What Is Water Conservation?
Water conservation refers to reducing the usage of water and recycling of waste water for different purposes such as cleaning, manufacturing, and irrigation.
Outdoor Water Conservation Tips
- Water only when needed. Look at the grass, feel the soil, or use a soil moisture meter to determine when to water
- Do not over water. Water needs vary greatly by season, grass species and amount of shade, so keeping the same settings year-round will result in over-watering. As a general rule, three-fourths of an inch of water per week on St. Augustine or Zoysia grasses that are in full sun is sufficient for the summer. In the shade, these species only need one-half of an inch of water per week. Bermuda grass and buffalo grass, both of which can only grow in full sun, require one-half of an inch per week. In the fall, spring and winter, these recommendations can be reduced or eliminated, depending on the weather
- To avoid excessive evaporation, use a sprinkler that produces large drops of water, rather than a fine mist. Sprinklers that send droplets out on a low angle also help control evaporation.
- Set automatic sprinkler systems to provide thorough but infrequent watering. Pressure-regulating devices should be set to design specifications. Rain shut-off devices can prevent watering in the rain.
- Use drip-irrigation systems for bedded plants, trees and shrubs, or turn the flat, green soaking hoses upside down so the holes are on the bottom. This will help prevent evaporation.
- See our for tips on maintaining your irrigation system.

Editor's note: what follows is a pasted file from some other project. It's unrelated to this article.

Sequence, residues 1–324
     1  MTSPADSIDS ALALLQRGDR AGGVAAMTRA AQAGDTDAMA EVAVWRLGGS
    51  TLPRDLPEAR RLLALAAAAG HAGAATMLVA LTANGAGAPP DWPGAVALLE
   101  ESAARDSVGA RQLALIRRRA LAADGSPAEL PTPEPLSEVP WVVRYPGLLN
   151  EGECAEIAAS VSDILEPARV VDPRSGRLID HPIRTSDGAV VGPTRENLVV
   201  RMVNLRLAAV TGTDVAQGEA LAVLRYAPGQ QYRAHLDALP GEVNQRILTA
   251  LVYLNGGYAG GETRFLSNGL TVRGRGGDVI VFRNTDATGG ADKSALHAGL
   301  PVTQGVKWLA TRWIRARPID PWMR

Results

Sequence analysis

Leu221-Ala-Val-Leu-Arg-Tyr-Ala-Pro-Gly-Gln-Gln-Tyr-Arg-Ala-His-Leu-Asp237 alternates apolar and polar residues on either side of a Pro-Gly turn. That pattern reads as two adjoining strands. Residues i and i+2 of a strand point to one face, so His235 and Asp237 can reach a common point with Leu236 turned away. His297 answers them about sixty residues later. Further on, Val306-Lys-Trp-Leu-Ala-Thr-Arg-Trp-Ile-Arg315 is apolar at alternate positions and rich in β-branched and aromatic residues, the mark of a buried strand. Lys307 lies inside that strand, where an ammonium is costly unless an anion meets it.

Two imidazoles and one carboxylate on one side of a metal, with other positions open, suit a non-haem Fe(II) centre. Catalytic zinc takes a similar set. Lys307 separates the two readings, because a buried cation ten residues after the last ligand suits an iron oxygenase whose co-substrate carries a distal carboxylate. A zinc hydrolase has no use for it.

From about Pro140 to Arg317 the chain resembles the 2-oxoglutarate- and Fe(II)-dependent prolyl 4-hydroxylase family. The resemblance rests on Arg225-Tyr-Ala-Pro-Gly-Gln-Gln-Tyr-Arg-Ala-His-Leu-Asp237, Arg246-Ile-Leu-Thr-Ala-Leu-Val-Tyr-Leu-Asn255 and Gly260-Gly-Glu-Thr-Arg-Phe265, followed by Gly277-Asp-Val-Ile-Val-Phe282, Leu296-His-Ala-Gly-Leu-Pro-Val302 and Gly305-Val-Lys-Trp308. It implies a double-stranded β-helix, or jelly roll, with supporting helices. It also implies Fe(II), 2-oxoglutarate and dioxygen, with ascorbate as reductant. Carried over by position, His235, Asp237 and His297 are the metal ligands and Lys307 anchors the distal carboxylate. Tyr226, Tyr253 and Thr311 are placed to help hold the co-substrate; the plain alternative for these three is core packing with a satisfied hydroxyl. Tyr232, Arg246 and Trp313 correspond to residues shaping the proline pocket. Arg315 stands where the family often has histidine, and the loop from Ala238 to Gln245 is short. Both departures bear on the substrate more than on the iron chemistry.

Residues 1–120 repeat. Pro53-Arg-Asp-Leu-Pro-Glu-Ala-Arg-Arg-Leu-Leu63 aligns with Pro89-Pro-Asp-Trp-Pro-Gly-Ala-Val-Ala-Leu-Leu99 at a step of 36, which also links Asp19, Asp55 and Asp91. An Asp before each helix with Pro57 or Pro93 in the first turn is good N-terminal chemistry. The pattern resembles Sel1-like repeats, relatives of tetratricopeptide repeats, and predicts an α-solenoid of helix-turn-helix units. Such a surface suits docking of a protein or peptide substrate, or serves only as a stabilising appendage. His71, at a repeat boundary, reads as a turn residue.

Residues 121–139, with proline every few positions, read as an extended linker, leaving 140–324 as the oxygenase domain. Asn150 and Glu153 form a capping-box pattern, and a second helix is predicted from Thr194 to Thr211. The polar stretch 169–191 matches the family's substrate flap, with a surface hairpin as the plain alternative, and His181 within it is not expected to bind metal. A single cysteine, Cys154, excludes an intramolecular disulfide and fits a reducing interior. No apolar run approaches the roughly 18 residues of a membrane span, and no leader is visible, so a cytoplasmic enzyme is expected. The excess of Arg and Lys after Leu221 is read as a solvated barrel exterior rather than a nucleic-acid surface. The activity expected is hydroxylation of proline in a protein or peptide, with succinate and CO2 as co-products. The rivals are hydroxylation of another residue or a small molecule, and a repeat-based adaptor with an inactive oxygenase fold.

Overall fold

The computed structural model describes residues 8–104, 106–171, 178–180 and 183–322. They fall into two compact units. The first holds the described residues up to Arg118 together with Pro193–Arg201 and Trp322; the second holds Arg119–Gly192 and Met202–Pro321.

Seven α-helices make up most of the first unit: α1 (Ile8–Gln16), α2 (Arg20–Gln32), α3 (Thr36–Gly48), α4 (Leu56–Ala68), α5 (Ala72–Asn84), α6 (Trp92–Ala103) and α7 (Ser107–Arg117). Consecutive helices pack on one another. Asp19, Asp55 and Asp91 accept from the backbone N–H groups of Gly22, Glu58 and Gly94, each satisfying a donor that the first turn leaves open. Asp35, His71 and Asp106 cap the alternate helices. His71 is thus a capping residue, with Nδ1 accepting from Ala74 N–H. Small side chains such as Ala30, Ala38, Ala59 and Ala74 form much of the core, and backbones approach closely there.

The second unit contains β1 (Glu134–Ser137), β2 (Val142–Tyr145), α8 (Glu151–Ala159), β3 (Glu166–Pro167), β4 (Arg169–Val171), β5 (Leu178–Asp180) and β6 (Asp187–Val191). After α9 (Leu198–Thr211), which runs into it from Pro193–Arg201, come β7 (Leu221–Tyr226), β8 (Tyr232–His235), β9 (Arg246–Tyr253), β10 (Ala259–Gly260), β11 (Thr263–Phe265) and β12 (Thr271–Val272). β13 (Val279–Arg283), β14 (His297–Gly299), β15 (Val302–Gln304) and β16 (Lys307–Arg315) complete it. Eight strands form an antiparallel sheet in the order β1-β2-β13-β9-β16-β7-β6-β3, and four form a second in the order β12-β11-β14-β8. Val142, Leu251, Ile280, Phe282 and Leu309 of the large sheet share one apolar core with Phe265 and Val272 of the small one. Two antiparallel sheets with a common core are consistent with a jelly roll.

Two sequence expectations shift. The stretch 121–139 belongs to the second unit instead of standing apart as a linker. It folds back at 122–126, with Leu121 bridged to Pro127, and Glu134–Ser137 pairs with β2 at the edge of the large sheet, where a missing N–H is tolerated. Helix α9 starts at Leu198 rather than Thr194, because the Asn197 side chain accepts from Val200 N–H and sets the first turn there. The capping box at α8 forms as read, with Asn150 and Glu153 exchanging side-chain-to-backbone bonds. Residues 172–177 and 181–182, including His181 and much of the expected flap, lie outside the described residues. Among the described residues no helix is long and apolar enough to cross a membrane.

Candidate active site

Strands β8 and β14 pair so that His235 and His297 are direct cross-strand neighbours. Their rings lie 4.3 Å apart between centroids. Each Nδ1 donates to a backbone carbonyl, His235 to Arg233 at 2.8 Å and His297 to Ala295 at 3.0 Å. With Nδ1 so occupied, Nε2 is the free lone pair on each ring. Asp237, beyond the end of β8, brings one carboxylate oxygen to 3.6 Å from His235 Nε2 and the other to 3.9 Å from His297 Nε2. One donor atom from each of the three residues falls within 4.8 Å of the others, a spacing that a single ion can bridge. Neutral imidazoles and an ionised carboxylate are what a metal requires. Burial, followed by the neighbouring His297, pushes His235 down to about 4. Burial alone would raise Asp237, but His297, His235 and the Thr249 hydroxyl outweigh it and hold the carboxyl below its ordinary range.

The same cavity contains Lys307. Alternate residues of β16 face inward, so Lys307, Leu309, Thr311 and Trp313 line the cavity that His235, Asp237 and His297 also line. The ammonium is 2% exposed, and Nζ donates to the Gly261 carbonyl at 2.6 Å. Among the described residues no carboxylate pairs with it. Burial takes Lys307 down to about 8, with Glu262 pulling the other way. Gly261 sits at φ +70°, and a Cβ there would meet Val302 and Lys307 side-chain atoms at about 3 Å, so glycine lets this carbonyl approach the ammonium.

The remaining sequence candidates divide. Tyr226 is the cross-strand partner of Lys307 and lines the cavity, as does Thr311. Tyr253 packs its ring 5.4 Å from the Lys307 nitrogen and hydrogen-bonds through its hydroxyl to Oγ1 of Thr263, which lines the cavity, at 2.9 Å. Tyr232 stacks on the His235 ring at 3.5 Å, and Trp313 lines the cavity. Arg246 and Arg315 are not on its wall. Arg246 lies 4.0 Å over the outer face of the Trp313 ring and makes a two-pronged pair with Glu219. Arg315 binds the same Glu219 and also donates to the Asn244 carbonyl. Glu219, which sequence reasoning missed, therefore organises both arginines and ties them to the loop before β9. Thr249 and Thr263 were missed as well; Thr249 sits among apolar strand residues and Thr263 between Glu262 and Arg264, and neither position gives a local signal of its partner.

- Forget about watering the streets, sidewalks or driveways. They will never grow a thing.
Indoor Water Conservation Tips
Water used inside our homes is considered essential for health. Using water as efficiently as possible by updating appliances to high-efficient models and implementing small behavior changes can add up to big savings.
- Check for leaks and make repairs as soon as possible. Even small pinhole leaks can add up to several hundreds of gallons being wasted.
- Install new showerheads and cut your shower time by only a few minutes. Many new showerhead models use less than 2 gallons per minute, look for WaterSense labeled models.
- Install faucet aerators. They use less water but still provide the same "feel" and pressure.
- Toilets are the highest consumer of water inside the house, around 30% of indoor household usage. Check for leaks and make sure your toilet tank flapper is in good shape. Install a newer model toilet which use far less water than models that are older than 15-20 years.
- Replace old clothes washers with new, water-efficient models and wash only full loads. Older washers use as much as 40 gallons per load, while newer models use only around 10 gallons.
- Use the dishwasher instead of hand-washing dishes. Install newer water-efficient models and only run them with full loads to save water, energy, and money.
Goals of Water Conservation Efforts
- Sustainability. To ensure availability for future generations, the withdrawal of fresh water from an ecosystem should not exceed its natural replacement rate.
- Energy Conservation. Water pumping, delivery, and wastewater treatment facilities consume a significant amount of energy. In some regions of the world over 15% of total electricity consumption is devoted to water management.
- Habitat Conservation. Minimizing human water use helps to preserve fresh water habitats for local wildlife and migrating water flow, as well as reducing the need to build new dams and other water diversion infrastructure.